I saw some kind of workflow in vim:
Vim had a file open. Then some combination of keys made vim disappear and the user was in the command line working in cli mode, then opened another file and then suddenly returned to the previously opened file exactly at the place/line he was.
It reminded me the switch among windows we do in Windows.
Does anyone know how this worflow is done in vim?


There are several options to do so:

  • You can use a terminal multiplexer like screen or tmux.

    In screen, for example, the shortcut Ctrl+a - a, has the same functiononality as Alt+Tab in graphical environments: switch to the last screen.

  • Or you use vim's internal function.

    Type :!command in vim's command mode. For example: :!ls -l. After the command finishes press Enter to switch back to vim.

  • There is one more option: Job conrol.

    Press Ctrl+z to stop the current process (vim). You will find yourself in a terminal. To bring the stopped process back to the foreground type fg.

For me, I prefer screen. I have an unwritten rule for myself: "Always open a screen."

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  • Indeed, multiplexing would explain the "sudden" return. – muru Sep 16 '14 at 20:08
  • +1.Option :!command is excluded since I know about this and that was not used for sure. 1)How would you do (a) with tmux? 2) When you do Ctrl+z and start working in the cli can you still open vim again for other files? So the fg only would bring back the originally opened? – Jim Sep 16 '14 at 20:38
  • @Jim yes you can edit other files. You can also stop them too. In the link I provided, you see the available job control commands. With jobs you can display the currently stopped jobs and with fg 1 you can bring the first of the two back to the foreground. – chaos Sep 16 '14 at 20:47
  • What is the equivalent command in tmux to the one you mention in screen? – Jim Sep 17 '14 at 7:20
  • @Jim in tmux the equivalent is: ctrl-b l see this page for comparsions: dayid.org/os/notes/tm.html – chaos Sep 17 '14 at 9:45

You can press Ctrl-z to stop vim and go to CLI, do whatever you need to (edit another vim file perhaps), then press fg on command line to return back into vim at the same place you left off at. If you didn't see the command fg being typed, then it's very likely that screen was being used.

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  • After pressing Ctrl-z you can still open other files with vim? – Jim Sep 16 '14 at 20:38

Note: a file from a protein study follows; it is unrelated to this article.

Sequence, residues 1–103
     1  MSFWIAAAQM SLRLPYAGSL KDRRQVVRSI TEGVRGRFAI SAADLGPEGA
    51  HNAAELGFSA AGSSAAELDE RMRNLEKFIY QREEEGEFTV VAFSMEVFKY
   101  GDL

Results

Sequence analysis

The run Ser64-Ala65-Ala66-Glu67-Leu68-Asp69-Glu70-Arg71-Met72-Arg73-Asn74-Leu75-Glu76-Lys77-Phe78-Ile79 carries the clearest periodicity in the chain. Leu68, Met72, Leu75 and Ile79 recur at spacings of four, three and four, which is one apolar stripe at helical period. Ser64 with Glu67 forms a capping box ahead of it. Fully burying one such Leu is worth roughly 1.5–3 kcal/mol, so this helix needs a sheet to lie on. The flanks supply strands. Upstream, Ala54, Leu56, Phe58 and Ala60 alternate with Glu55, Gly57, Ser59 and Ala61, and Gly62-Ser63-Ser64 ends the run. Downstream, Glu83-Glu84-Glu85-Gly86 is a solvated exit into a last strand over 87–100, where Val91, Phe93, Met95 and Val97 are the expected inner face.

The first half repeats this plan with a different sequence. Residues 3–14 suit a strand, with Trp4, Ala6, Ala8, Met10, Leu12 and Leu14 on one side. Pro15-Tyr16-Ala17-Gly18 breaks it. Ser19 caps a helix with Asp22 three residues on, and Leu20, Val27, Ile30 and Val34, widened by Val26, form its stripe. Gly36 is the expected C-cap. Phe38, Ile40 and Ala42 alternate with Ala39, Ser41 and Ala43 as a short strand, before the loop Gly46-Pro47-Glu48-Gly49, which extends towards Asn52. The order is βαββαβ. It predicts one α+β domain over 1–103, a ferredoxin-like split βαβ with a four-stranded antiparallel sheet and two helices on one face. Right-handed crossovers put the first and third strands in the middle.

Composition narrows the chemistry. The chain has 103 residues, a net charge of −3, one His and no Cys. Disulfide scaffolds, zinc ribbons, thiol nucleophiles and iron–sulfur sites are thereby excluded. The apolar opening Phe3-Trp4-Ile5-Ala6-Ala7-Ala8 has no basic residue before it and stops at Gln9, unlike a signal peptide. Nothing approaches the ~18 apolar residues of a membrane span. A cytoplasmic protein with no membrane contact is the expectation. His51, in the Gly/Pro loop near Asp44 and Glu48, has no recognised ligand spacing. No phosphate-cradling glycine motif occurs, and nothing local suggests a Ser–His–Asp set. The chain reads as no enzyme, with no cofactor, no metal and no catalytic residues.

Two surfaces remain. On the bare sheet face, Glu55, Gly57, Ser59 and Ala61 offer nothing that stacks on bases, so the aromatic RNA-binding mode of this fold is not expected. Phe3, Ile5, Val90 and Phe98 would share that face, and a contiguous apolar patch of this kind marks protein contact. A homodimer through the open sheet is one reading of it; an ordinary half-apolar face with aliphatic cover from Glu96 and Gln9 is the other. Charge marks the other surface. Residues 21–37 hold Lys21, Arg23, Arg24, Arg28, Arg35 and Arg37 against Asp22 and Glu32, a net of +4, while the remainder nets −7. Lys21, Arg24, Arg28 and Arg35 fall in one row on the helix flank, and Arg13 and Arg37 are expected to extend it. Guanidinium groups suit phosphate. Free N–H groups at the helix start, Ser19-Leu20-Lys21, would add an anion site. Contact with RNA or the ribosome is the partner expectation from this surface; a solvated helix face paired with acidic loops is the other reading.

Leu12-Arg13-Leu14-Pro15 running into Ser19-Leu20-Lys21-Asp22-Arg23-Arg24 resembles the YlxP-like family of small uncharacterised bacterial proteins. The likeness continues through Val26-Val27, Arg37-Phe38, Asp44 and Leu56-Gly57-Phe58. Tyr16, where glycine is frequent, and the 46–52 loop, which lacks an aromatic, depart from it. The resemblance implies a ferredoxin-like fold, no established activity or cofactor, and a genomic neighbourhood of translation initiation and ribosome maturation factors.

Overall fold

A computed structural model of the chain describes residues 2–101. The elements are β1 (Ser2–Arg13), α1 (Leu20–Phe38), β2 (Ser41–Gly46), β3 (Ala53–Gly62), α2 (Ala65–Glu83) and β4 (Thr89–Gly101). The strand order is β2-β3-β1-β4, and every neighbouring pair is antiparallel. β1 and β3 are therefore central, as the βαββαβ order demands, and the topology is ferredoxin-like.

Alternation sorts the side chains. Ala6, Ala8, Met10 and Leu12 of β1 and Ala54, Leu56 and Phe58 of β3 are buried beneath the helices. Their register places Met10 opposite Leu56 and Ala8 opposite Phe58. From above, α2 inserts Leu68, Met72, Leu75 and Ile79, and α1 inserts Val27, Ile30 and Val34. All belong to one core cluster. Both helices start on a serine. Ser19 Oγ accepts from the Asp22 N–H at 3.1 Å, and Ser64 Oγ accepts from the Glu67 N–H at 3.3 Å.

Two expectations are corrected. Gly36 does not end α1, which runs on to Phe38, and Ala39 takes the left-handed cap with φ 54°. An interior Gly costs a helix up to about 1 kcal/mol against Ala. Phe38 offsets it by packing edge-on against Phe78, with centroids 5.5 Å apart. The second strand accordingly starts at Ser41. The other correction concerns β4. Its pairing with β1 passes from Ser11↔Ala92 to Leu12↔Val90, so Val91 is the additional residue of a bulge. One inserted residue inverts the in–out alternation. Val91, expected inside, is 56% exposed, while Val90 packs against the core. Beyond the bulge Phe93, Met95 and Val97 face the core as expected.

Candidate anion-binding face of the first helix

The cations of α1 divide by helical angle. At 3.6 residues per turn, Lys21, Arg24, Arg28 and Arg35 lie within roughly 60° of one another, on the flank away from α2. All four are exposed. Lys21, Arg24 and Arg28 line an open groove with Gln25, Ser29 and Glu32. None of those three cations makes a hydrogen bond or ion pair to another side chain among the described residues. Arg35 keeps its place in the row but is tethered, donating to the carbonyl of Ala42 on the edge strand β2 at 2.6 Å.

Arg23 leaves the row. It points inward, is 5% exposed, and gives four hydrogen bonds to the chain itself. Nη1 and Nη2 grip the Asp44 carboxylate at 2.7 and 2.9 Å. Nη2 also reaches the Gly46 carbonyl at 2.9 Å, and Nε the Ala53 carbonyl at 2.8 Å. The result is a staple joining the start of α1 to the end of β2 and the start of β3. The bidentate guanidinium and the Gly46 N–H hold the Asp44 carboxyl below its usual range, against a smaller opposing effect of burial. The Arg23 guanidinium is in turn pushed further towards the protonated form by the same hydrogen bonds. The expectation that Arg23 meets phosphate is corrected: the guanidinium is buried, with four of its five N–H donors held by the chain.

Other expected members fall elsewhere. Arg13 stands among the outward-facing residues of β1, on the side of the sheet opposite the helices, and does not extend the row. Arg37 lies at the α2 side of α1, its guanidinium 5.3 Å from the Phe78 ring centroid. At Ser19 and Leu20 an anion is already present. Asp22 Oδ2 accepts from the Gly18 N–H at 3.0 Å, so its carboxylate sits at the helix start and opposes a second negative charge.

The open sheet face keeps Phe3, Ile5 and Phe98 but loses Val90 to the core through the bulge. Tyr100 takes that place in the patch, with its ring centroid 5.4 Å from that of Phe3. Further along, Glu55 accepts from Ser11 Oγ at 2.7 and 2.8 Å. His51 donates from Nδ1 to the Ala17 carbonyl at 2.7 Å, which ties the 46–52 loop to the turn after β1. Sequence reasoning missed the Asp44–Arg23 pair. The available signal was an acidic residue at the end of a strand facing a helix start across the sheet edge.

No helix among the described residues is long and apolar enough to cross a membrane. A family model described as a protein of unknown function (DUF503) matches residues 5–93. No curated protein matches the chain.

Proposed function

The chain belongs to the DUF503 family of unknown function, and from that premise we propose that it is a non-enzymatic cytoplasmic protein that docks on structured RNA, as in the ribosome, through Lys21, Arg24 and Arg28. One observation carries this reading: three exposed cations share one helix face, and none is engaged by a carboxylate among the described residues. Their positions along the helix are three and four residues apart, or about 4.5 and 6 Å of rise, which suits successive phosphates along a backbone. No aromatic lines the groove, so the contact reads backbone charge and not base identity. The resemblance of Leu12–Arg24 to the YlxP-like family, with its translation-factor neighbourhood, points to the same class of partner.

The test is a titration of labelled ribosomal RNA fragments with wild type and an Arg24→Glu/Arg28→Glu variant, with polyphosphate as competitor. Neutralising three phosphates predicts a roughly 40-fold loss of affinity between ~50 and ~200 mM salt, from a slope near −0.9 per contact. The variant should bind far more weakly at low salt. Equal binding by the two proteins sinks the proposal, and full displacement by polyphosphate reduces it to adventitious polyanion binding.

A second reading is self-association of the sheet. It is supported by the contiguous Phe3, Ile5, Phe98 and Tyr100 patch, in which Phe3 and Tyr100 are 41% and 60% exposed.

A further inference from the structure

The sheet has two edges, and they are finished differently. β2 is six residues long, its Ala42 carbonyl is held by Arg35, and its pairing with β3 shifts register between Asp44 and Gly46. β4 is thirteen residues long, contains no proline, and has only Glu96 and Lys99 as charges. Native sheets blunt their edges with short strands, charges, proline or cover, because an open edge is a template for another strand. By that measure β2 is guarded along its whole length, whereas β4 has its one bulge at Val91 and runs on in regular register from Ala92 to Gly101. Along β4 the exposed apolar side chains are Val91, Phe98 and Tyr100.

• @Jim yes, indeed. Though, if you open the same file, you'll get a warning about it already being edited. – muru Sep 16 '14 at 20:40
  • Interesting question - got me wondering if there is a way to edit another file in the same instance that you just stopped (without fg), and it turns out you can send files for editing to that vim instance using vim server. – Harvinder Sep 16 '14 at 20:50

I don't know about the "suddenly returned ..." part, but the first bit is fairly trivial. The :shell command opens your shell. For me, it opens at wherever I was when I opened vim, so it is inheriting settings from vim, as G-Man notes. That gives you the CLI mode. You can also open another vim from it. Quitting this shell returns you to wherever you where in vim originally. You can always bind a shortcut to :shell.

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  • (1) :sh is already a shortcut to :shell. (2) The shell that is spawned is inheriting its working directory and other environment settings from vim itself, not from the parent shell. To demonstrate this, in vim, type :cd /some/other/directory and then :sh. – G-Man Says 'Reinstate Monica' Sep 16 '14 at 20:12
  • @G-Man shortcut as in a keybinding such as Ctrl-K or F11. But thanks for the second tip. – muru Sep 16 '14 at 20:13
  • So if you inherit the environment from vim instead of the parent shell, is that problematic to use? – Jim Sep 16 '14 at 20:40
  • @Jim no, unless you set some environment variables in vim which you don't need in your shell. – muru Sep 16 '14 at 20:41

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